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Call Me by Your Name by André Aciman Read Online (FREE)

And tell me I wasn’t dreaming that night when I heard a noise outside the landing by my door and suddenly knew that someone was in my room, someone was sitting at the foot of my bed, thinking, thinking, thinking, and finally started moving up toward me and was now lying, not next to me, but on top of me, while I lay on my tummy, and that I liked it so much that, rather than risk doing anything to show I’d been awakened or to let him change his mind and go away, I feigned to be fast asleep, thinking, This is not, cannot, had better not be a dream, because the words that came to me, as I pressed my eyes shut, were, This is like coming home, like coming home after years away among Trojans and Lestrygonians, like coming home to a place where everyone is like you, where people know, they just know—coming home as when everything falls into place and you suddenly realize that for seventeen years all you’d been doing was fiddling with the wrong combination. Which was when I decided to convey without budging, without moving a single muscle in my body, that I’d be willing to yield if you pushed, that I’d already yielded, was yours, all yours, except that you were suddenly gone and though it seemed too true to be a dream, yet I was convinced that all I wanted from that day onward was for you to do the exact same thing you’d done in my sleep.



The next day we were playing doubles, and during a break, as we were drinking Mafalda’s lemonades, he put his free arm around me and then gently squeezed his thumb and forefingers into my shoulder in imitation of a friendly hug-massage—the whole thing very chummy-chummy. But I was so spellbound that I wrenched myself free from his touch, because a moment longer and I would have slackened like one of those tiny wooden toys whose gimp-legged body collapses as soon as the mainsprings are touched. Taken aback, he apologized and asked if he had pressed a “nerve or something”—he hadn’t meant to hurt me. He must have felt thoroughly mortified if he suspected he had either hurt me or touched me the wrong way. The last thing I wanted was to discourage him. Still, I blurted something like, “It didn’t hurt,” and would have dropped the matter there. But I sensed that if it wasn’t pain that had prompted such a reaction, what other explanation could account for my shrugging him off so brusquely in front of my friends? So I mimicked the face of someone trying very hard, but failing, to smother a grimace of pain.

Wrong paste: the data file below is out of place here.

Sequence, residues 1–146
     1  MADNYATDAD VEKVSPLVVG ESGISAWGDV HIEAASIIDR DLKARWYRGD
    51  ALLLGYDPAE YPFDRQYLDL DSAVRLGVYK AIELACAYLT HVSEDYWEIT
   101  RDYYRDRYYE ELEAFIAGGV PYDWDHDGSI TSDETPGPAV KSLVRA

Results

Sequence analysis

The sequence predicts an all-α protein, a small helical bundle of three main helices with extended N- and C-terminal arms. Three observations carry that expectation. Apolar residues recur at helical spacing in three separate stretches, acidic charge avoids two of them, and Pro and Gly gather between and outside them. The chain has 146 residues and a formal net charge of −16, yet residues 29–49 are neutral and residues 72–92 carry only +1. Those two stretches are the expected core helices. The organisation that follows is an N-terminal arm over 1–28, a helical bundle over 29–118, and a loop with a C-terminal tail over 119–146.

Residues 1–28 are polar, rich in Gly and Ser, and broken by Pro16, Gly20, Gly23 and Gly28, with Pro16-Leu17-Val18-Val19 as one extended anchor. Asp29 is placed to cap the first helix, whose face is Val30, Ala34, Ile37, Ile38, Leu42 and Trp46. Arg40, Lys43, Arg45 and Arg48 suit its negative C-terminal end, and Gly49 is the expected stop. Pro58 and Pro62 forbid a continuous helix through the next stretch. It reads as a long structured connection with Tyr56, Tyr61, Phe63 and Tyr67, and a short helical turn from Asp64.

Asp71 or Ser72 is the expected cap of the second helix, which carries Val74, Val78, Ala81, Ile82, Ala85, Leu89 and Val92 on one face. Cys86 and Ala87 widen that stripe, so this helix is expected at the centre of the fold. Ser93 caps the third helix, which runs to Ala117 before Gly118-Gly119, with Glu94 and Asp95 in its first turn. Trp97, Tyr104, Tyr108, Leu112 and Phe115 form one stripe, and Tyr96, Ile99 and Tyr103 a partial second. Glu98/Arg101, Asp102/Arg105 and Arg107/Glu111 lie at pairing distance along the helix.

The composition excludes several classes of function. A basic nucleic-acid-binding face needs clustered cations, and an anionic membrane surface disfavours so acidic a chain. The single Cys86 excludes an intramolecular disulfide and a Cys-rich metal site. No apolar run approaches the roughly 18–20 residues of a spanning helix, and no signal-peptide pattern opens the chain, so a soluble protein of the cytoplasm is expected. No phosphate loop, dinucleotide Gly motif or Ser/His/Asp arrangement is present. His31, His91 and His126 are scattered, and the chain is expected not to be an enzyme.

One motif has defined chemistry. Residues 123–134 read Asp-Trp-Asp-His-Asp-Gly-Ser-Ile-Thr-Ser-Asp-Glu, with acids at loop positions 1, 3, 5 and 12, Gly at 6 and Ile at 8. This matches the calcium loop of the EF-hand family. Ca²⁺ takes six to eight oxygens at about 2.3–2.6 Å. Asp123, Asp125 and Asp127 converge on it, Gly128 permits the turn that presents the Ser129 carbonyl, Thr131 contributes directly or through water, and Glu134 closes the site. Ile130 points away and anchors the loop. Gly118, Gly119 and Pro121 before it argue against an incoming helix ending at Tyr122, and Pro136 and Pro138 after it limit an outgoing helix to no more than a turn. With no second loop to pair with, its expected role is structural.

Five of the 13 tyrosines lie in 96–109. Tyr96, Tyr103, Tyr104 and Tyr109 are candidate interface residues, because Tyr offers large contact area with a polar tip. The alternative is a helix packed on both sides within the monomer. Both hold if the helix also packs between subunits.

It never occurred to me that what had totally panicked me when he touched me was exactly what startles virgins on being touched for the first time by the person they desire: he stirs nerves in them they never knew existed and that produce far, far more disturbing pleasures than they are used to on their own.